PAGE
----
Despite her success she is unwilling to use the local banks. She believes that formal institutions, like banks, are all a part of the pervasive corruption of her country. And even if she was willing to deal with a commercial bank, it would most likely be unwilling to deal with her. The land on which she resides and works is not hers. She has paid for the right to live there, but she is unable to acquire title to the land or sell this right, meaning the bank would be unwilling to accept it as collateral, reducing the likelihood of a loan. So when Elvira needs money now, she happily pays the much higher interest rate that her local informal money lender charges.
In Elvira's case, microfinance has not been a bridge to the global economy, but rather has simply been a band-aid -- a successful Band-Aid, but a Band-Aid nevertheless.
Unless we put the success of microfinance in perspective, and continue to work toward fixing the deeper problems, our excitement is shameful. The United Nations and the rest of us involved in the fight for development are reduced to advocating an inherently limited level of prosperity for the world's poor, in effect saying, "It's not great. I certainly wouldn't settle for it. But it's as good as you can expect to do."
The poor can't access the larger financial sector because they don't have title to the land on which they live and work. Imagine walking into a bank and asking for a loan and trying to put up your landlord's home as collateral. This is a legal problem in many countries and requires a legal solution.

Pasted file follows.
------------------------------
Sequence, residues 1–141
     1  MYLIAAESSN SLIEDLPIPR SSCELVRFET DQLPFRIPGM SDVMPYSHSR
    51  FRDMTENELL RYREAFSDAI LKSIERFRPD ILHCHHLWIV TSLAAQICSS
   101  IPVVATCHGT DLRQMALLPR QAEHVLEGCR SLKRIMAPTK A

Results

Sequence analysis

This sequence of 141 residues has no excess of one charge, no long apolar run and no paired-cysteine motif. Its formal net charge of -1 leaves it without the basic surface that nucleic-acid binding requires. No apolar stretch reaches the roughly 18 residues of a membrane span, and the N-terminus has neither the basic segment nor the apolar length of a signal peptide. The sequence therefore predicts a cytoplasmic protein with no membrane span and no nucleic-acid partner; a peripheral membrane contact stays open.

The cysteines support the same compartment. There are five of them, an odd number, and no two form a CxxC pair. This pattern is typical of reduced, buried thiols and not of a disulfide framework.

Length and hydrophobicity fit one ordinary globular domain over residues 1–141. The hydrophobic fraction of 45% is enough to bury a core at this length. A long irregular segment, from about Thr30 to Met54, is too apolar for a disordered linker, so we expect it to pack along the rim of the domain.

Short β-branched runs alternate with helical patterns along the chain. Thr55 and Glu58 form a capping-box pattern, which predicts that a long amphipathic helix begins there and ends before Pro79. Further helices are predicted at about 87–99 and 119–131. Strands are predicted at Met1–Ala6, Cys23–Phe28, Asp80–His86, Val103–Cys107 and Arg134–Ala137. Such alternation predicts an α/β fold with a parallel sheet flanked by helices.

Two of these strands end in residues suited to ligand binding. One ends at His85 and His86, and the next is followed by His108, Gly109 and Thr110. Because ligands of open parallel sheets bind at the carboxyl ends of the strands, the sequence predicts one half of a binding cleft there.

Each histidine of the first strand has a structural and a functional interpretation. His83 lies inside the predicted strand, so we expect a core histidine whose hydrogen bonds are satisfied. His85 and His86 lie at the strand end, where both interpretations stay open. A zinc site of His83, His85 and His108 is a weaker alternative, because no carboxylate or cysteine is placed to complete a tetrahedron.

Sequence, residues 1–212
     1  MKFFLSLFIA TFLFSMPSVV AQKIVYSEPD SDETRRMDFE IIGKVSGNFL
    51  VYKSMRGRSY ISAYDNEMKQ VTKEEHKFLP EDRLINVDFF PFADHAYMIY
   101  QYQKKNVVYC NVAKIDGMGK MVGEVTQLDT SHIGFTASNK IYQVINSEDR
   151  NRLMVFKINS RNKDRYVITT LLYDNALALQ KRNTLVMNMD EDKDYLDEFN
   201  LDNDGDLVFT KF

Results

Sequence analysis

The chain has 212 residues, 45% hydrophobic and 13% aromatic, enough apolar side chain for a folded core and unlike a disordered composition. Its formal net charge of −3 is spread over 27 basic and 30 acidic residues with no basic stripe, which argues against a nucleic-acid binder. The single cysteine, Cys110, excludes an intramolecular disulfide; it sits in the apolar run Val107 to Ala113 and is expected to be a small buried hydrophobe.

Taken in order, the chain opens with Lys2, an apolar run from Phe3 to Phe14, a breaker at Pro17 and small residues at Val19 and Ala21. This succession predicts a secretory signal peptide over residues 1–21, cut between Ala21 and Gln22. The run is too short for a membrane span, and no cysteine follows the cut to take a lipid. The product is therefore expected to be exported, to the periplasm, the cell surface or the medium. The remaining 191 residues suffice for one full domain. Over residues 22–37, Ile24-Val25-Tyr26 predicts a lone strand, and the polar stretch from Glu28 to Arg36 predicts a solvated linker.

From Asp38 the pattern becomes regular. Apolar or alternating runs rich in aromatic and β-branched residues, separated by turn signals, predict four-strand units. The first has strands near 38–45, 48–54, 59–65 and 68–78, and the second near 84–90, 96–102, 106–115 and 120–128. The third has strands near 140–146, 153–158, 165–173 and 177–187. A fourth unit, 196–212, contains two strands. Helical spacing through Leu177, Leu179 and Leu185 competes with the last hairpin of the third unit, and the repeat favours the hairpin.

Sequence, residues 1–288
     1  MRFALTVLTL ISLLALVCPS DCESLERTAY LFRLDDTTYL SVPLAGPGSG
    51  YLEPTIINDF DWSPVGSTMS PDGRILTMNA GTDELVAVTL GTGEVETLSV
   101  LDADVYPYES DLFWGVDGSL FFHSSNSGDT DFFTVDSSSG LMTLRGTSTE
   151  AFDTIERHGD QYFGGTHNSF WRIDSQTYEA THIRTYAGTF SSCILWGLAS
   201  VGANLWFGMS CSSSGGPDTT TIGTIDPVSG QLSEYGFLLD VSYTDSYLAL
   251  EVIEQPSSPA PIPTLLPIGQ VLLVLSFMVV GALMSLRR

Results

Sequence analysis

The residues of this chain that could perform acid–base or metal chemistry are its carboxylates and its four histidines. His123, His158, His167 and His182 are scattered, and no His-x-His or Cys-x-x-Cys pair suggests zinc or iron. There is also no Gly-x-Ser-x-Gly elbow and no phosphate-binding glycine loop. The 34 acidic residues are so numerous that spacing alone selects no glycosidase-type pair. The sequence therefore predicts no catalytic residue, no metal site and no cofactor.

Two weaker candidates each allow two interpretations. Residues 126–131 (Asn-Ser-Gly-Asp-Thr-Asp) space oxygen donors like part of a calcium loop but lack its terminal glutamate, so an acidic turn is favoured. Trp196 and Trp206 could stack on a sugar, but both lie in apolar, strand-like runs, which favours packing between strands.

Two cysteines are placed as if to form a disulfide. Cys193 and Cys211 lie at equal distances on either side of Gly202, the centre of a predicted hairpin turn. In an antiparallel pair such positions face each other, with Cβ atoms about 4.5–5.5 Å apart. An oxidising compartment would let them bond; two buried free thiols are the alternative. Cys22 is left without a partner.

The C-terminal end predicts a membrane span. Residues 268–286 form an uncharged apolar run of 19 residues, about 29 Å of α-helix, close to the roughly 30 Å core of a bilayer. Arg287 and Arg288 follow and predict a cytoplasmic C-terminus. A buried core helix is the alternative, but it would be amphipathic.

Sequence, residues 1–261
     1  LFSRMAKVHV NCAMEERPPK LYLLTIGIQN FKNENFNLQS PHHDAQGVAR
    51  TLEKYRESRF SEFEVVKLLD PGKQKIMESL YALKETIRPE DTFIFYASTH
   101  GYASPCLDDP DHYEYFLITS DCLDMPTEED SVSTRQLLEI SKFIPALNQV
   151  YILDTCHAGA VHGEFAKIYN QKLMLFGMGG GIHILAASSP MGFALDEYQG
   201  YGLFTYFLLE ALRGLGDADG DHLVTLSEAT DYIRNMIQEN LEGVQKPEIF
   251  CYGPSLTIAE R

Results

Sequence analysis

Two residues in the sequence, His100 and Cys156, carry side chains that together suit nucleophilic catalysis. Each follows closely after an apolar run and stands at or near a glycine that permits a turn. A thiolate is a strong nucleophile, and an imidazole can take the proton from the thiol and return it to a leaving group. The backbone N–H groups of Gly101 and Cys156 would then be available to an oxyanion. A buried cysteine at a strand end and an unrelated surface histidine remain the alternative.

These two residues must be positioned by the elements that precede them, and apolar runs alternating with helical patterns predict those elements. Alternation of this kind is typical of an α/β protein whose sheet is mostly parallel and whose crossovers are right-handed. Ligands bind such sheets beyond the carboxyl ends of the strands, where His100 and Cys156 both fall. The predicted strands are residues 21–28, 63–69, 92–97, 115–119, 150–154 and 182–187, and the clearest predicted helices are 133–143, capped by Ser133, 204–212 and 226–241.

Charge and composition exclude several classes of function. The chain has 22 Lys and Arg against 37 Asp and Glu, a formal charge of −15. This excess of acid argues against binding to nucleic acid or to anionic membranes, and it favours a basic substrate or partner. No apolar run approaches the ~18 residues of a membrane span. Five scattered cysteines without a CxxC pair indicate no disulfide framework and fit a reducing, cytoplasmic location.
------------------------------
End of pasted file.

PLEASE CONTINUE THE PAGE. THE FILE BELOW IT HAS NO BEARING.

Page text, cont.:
The poor can't access the larger financial sector because banks in many countries are rewarded for making loans based on political ties, not demonstrated business savvy. And worse, many countries, the Philippines among them, restrict ownership of land and businesses based on membership in racial and ethnic groups. These laws and corrupt practices need to be targeted and a line needs to be drawn in the sand. At the very least big aid donors like the United States need to stop showering millions of dollars on countries that refuse to address these fundamental concerns.
Elvira's story emphasizes that microfinance will not, by itself, produce sustainable development. Increasing the amount of money made available to the poor, through microfinance programs does not fix the problems holding Elvira and so many others like her back. Make no mistake, microfinance does put food on the table which is no small accomplishment. Some of the excitement expressed by the U.N. declaration is very well deserved. But if we're betting on the band-aid to be the ultimate solution, we're doing ourselves a disservice and condemning the poor to a world of second bests.
We can do better.
-- Stephen Daley is a research fellow and Brian Hooks is director of the Global Prosperity Initiative at the Mercatus Center at George Mason University. Daley is the lead researcher of the Mercatus's Philippines microfinance research team studying the effects of microfinance on the Philippine economy.
-- United Press International's "Outside View" commentaries are written by outside contributors who specialize in a variety of issues. The views expressed do not necessarily reflect those of United Press International. In the interests of creating an open forum, original submissions are invited.